In 2011, on a reporting grant from EJN, I went to cover the UN climate change talks, known as COP17, in Durban. There I met Sibongile, a radio journalist from Malawi. One afternoon I joined Sibongile and a group of other young African journalists for a story-sharing session with KwaZulu Natal University. When it came to her turn, Sibongle said: "The river in our village has dried. My family has lost its crops and most of the goats. My cousin’s marriage was cancelled because her fathers’ goats died too. But nobody in our village knows ‘climate change.’ Everyone thinks it’s our bad luck.”

Her words struck me hard as I realized she was actually describing my own community, where everything was accepted as destiny. The realization helped me decide to focus on what I had not done up to that point: Speak with them and understand what really made them accept it. Was it because they didn’t have enough information? Maybe they understood it and had questions but were never given a chance to raise their voices. These questions have driven my reporting ever since, as I try to look at a vulnerable community as an unheard group of people and each story as a unique opportunity to make their voices heard.

Earlier this month, I joined Earth Journalism Network of Internews to manage environment and health projects and mentor indigenous journalists and I feel I have come a full circle. This is the organization that gave me my first break as a climate journalist and helped me connect with climate storytellers from around the world. Now, I can support these storytellers by training them and giving them the resources that they need to reach the unheard people, especially women who live the environmental challenges I once did.

And, finally, I can also guide and mentor them to not only ask questions but also share with the world the solutions devised by these communities, especially the women community leaders.

 

Comments 19

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Andrace
Feb 25
Feb 25

Wow! Good job, Stella. I enjoyed reading every line. I just realised that women are actually at the forefront of climate change. I think we feel the effect more and can actually lead the change story from a better point of view. We all should shove up to being “resilient, successful climate warriors.”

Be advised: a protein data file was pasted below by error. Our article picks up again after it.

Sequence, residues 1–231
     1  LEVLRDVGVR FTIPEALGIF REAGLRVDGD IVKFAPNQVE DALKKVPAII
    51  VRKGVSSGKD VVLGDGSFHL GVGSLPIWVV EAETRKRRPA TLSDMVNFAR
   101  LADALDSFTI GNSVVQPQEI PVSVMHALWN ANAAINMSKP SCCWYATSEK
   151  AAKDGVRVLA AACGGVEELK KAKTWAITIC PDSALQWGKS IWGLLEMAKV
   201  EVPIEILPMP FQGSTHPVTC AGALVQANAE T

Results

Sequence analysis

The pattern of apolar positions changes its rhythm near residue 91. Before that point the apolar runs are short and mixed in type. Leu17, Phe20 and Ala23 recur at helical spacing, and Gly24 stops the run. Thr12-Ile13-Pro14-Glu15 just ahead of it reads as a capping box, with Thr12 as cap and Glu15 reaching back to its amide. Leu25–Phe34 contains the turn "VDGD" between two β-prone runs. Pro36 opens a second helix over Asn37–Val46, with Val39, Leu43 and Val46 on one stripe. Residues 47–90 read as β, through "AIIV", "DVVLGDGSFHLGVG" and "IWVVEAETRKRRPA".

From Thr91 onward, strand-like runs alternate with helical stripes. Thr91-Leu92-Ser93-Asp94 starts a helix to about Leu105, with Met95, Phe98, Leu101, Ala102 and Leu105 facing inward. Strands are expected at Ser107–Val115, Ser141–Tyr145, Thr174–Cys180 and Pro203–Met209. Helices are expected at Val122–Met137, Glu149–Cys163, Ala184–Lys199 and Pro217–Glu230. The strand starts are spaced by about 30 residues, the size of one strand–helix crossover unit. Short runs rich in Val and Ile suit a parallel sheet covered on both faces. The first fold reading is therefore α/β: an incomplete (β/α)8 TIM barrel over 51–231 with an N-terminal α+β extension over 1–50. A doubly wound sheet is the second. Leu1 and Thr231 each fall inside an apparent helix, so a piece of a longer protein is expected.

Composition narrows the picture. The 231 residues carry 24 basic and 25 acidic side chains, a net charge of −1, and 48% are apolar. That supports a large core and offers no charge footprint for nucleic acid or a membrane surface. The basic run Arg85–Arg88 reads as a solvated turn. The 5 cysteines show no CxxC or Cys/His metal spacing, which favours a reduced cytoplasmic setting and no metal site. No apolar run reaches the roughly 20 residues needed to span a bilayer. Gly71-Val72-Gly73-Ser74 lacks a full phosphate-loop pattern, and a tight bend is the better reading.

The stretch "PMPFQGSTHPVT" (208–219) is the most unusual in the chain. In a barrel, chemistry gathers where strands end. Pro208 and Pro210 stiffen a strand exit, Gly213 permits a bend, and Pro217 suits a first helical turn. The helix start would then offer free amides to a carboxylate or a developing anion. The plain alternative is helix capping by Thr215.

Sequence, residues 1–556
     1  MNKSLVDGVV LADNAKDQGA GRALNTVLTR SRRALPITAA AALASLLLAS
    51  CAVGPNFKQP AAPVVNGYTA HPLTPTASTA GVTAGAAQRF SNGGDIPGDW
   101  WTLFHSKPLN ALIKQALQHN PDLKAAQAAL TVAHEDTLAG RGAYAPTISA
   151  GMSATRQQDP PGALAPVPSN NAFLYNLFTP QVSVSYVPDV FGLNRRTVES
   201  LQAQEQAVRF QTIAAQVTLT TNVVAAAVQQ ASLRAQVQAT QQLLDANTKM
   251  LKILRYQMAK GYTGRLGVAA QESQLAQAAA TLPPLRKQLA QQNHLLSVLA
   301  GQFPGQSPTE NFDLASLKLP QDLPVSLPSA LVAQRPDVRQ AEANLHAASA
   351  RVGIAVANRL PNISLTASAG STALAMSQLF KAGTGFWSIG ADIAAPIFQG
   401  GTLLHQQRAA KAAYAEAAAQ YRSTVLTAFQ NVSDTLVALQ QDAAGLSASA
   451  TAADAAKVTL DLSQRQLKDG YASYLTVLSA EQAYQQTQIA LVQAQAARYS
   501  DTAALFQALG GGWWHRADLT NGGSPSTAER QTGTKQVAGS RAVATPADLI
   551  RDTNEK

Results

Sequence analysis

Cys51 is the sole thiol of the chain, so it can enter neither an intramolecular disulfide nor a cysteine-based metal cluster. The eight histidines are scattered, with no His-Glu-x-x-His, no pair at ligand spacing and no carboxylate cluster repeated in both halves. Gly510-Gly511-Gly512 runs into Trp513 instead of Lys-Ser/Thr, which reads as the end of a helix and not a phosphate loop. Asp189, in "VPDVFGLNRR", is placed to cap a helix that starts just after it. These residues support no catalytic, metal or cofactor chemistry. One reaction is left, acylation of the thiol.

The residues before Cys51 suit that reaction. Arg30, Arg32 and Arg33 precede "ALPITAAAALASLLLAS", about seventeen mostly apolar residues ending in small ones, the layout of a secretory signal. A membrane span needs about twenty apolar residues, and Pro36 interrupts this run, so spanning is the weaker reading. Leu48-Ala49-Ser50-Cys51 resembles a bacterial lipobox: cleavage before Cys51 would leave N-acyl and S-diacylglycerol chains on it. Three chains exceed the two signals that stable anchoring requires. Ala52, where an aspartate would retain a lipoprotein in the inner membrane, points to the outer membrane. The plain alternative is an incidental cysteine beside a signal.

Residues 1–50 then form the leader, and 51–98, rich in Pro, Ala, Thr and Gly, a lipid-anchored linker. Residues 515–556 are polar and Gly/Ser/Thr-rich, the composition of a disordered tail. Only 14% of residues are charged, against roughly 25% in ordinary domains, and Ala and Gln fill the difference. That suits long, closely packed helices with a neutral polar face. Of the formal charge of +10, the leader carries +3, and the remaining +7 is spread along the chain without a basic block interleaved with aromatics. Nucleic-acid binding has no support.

Thank you for the great job, Stella. ‘Proud of you!

Love and hugs,

E. J.

Stella Paul
Feb 25
Feb 25

Thank you my super encourager sister for reading through! I feel we now have more power to fight any challenges because we have this added strength of fighting it collectively.
Much love

OGA PRECIOUS
Feb 26
Feb 26

Hi Stella! Am glad you took this steps to better the lives of women and find solution to handling climate change. You are strong and courageous, keep educating women.
Hug
Precious

Stella Paul
Mar 31
Mar 31

Hugs right back to you sister Precious! I am strong because you are! Love

Dawn Arteaga
Feb 26
Feb 26

Congratulations Stella!! What a beautiful story about your journey. You are contributing so much. I'm so grateful Internews has you on their team. It gives me hope for my children's future on this beautiful planet.

Stella Paul
Mar 01
Mar 01

Grateful for your support, dear Dawn! Behind the battle and win of one woman there is always a kind woman with a beautiful heart and I can testify to that with pride. Big hugs!

Nini Mappo
Mar 01
Mar 01

Dear Stella,